"I am a big fan of some of Yorgos Lanthimos' earlier work, so _The Killing of a Sacred Deer_, which I had been told in no uncertain terms would be a straight up horror movie, was well and truly on the agenda for 2017. Unfortunately, I found that not only was _Sacred Deer_ not at all a horror, but more importantly that it lacked the dark whimsy of something truly odd, like the director's previous film, _Lobster_. Instead it opts for an outright uncomfortable tone. The world is real, boringly so, a"
"speak in complete sentences and are firm and polite. The house is gorgeous, the children are smart and well behaved. The setting of the story as a whole is very well done, believable and with great actors to boot.
The score is not so great. At times we have experimental "music" that just annoys and does nothing for the mood, but the visuals are exciting to watch, we have interesting camera angles, no shaking and clever zooms and motion.
The pace is slow, yet "The Killing of a Sacred Deer" "
"My immediate response as soon as this finished was "MASTERPIECE." Lanthimos is back to _Dogtooth_-level craziness with this film and I couldn't be happier. _The Lobster_ was a favourite of mine in 2016, but something about this one's hopelessness drew me in more - odd, I know. Lanthimos' films have characters stuck in dead end situations where they are able to make a choice, but the results of the options are bad and worse. It's a dour story and the film is relentlessly unsettling, but this is w"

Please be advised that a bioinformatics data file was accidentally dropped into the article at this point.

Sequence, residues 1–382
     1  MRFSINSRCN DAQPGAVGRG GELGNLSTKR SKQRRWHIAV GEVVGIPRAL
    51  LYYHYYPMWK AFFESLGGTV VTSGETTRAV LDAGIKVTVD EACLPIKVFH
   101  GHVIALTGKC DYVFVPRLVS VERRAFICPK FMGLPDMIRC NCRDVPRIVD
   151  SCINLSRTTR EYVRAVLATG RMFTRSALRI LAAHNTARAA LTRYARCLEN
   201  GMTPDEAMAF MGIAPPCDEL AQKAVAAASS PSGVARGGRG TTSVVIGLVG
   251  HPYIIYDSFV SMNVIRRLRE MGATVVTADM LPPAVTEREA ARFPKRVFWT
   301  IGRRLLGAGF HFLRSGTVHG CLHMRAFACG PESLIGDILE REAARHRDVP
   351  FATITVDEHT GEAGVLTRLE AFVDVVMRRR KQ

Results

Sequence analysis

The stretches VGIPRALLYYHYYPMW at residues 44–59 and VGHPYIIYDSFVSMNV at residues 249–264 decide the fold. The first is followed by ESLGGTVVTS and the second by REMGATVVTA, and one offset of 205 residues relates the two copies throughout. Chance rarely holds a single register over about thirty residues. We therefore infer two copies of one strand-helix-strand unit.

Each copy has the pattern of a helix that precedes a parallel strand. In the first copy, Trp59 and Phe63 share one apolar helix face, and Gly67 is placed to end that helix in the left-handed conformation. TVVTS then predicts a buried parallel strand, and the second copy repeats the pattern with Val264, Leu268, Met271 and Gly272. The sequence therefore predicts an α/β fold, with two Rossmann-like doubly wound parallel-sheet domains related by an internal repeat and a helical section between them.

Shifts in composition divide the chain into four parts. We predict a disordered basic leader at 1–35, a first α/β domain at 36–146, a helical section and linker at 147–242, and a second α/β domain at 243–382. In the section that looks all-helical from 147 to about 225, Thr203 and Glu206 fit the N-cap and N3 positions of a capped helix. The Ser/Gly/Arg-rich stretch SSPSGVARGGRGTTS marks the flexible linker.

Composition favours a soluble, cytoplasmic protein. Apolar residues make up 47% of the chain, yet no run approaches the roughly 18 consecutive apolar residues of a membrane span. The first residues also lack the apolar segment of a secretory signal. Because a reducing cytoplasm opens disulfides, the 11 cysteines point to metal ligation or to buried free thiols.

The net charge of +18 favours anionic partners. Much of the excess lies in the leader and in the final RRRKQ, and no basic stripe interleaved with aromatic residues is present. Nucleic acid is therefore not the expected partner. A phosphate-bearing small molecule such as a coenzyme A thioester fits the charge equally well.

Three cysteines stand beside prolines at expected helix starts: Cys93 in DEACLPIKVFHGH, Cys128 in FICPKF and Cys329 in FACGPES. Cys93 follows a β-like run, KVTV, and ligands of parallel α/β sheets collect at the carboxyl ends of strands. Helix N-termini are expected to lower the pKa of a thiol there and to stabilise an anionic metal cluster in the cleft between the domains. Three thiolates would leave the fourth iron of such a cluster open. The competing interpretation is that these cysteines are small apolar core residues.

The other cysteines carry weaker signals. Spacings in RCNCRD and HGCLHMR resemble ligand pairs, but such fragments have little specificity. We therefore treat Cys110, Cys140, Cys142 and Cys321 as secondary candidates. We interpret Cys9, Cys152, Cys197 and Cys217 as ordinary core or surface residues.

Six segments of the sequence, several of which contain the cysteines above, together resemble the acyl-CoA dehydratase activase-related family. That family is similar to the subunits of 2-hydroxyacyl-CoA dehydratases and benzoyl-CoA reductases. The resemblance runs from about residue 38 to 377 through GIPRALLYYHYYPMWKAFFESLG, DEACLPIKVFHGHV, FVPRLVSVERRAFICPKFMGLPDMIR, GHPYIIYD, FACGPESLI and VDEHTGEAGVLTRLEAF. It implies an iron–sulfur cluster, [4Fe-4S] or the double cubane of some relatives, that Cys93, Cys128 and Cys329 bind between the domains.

"Finally got the chance to see this via Amazon.
Dogtooth and The Lobster (from the same Greek director, who I must admit has a keen sense of storytelling) did not impress me at all. Very interesting ideas; atrocious presentations. Dogtooth was indecipherable and The Lobster is cruel, ugly, and not humorous in any fashion (I've no idea why it's billed as a black comedy.)
However, this latest film is entertaining to me despite it's grim and inky-black nature (based on the ancient Greek play, whic"